Even the lifestyle brands—such as Martha Stewart and Virgin—specialize. And when they lose that specialization—when they suffer focus drift—they see their brand equity weaken. Virgin, for example, had a very strong brand with its defiant record label. It was able to carry some of this over to its underdog airline. But its cola has not been successful, and it has found its brand counts for very little in the railroad business. Specialization is the name of the game.

Of course, you might think you are specializing in translation—that the fact that you do not do language education, take-out fast food, desktop publishing, massages, or a lot of other things makes you a specialist. It does—but only to a point. It is only a start. It is like Coke saying that they specialize in beverages. They do, but their specialization is even narrower than that. If you do not believe me, ask yourself why they use different brand names for their teas, coffees, mineral water, and other non-Coke beverages. They use different names for these things because they do not want to dilute Coke's brand.

Of course, you already specialize by calling yourself a translator rather than a general handyman. You already specialize in your choice of languages and direction. But I am arguing that you need to specialize by field. A big company might have a lot of specialists on tap, but you as an individual have to specialize in a few particular fields if you want to establish yourself as a brand. What fields you select does not really matter, so long as you narrow your focus and specialize. This might be medicine, business, art, architecture, the environment, politics, or anything else. The specialty itself does not really matter so long as you have one.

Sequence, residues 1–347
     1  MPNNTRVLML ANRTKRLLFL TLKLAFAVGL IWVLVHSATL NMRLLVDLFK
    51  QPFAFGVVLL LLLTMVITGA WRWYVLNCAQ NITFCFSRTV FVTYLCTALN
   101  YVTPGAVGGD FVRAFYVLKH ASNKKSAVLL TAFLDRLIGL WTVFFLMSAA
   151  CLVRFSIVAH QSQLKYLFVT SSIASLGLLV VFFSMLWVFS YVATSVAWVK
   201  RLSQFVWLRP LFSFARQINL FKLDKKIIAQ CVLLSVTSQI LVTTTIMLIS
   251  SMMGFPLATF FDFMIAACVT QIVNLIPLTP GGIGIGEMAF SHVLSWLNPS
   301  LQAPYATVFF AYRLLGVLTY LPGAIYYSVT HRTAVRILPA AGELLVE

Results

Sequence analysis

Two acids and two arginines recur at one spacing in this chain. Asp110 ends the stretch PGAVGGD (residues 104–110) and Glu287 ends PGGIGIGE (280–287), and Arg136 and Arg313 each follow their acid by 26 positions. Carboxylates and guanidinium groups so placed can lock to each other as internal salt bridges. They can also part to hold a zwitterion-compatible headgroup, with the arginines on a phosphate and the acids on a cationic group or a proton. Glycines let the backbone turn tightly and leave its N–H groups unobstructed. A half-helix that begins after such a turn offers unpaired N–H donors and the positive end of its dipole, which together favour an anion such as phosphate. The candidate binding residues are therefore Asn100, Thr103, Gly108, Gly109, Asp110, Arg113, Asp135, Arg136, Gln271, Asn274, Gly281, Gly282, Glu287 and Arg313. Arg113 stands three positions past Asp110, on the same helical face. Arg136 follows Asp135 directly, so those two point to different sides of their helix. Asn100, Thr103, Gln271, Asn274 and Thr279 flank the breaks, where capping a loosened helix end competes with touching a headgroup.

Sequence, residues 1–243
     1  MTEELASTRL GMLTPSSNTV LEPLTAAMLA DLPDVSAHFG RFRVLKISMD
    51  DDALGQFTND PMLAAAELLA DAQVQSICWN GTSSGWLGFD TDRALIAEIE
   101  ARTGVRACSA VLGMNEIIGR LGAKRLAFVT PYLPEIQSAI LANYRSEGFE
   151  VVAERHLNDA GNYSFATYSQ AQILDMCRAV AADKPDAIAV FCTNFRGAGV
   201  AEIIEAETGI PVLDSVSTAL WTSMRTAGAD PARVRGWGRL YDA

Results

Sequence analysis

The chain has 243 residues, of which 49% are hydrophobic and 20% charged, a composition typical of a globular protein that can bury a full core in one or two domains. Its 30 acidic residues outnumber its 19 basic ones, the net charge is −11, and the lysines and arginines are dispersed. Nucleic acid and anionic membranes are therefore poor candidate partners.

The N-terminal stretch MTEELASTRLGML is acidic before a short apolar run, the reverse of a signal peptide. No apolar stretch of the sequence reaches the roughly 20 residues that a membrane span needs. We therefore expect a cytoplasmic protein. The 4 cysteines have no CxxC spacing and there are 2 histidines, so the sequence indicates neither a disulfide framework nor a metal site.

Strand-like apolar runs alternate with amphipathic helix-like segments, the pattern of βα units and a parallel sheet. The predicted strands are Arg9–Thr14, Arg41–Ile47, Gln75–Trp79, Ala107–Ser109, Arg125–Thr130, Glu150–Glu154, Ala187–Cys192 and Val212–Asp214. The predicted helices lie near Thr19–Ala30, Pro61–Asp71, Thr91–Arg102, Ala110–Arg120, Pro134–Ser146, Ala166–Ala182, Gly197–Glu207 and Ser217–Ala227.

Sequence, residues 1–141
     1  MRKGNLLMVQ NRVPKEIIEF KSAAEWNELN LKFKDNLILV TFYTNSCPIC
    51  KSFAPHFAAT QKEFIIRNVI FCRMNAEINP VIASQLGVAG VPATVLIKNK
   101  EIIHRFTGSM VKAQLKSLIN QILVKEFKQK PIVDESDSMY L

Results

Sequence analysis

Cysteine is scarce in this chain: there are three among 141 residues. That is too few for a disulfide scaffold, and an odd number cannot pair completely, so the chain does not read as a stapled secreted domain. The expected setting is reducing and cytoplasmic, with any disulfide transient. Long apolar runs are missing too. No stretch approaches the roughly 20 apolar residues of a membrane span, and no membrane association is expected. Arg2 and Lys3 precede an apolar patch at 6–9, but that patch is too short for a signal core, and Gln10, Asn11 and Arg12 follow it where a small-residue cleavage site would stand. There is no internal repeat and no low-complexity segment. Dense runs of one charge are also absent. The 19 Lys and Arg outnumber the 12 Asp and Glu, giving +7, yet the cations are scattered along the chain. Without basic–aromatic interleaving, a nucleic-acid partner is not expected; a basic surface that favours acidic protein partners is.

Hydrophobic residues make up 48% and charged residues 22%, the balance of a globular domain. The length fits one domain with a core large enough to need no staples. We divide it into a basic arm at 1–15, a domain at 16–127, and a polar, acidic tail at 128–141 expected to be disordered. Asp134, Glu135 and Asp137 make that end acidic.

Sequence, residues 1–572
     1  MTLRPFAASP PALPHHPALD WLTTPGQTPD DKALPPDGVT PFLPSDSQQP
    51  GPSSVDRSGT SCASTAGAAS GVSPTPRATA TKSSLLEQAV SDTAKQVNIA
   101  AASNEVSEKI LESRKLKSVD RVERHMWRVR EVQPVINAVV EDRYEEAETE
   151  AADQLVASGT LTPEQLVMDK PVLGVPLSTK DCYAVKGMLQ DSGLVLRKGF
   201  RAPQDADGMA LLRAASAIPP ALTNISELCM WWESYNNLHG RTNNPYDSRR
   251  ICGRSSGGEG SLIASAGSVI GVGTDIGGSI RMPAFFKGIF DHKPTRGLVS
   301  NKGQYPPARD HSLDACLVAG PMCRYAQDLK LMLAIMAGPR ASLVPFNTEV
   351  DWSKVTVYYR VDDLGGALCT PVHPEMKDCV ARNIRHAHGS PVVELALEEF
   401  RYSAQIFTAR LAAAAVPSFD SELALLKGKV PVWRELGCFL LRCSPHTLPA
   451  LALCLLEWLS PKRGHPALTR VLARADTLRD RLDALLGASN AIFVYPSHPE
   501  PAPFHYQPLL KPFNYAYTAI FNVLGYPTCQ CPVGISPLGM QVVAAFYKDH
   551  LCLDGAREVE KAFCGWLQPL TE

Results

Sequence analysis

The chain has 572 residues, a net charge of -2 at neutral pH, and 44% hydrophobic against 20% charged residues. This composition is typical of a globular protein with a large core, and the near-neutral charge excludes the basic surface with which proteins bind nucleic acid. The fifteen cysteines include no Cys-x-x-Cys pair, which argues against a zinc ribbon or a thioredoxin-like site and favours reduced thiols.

Other professions—other businesses—specialize. Why not us? There are eye doctors, ear doctors, skin doctors, heart doctors, and other doctors. There are doctors who will give you medicine and doctors who will cut you up. Doctors specialize, and when you have a serious problem, you go to a serious doctor—a specialist. Food suppliers specialize. One is a butcher, another a greengrocer, one a fishmonger, and another a baker. So why can't translators specialize? They can.

Faced with this truism, would-be translators sometimes ask what they should specialize in. The answer? Whatever you are interested in. What do you read in your spare time? What are you familiar with? Because that is what you understand. That is the specialty you will do well in. That is what you will not mind working hard on. That is what you should specialize in. If you are a car guy, automotive translation would be a good specialization. If you get a kick out of the biosciences, go ahead and specialize in bioscience translation. If international finance fascinates you, then it would be a good field to specialize in. There may be more money in other fields, but why should you do something you don't like just because it pays a little better? You shouldn't.